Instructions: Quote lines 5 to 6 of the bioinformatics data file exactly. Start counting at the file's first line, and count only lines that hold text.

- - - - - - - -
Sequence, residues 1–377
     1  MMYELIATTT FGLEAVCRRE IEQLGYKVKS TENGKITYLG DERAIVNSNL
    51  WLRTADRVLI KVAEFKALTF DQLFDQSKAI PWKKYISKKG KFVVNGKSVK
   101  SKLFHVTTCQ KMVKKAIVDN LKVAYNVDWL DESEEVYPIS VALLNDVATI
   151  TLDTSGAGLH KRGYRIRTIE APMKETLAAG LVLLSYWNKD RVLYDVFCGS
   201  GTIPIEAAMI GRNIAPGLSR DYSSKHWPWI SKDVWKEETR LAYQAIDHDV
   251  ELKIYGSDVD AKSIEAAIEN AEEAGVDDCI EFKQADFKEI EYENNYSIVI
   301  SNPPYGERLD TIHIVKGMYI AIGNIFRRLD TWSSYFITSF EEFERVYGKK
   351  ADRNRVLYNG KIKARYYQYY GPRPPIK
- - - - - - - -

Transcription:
   151  TLDTSGAGLH KRGYRIRTIE APMKETLAAG LVLLSYWNKD RVLYDVFCGS
   201  GTIPIEAAMI GRNIAPGLSR DYSSKHWPWI SKDVWKEETR LAYQAIDHDV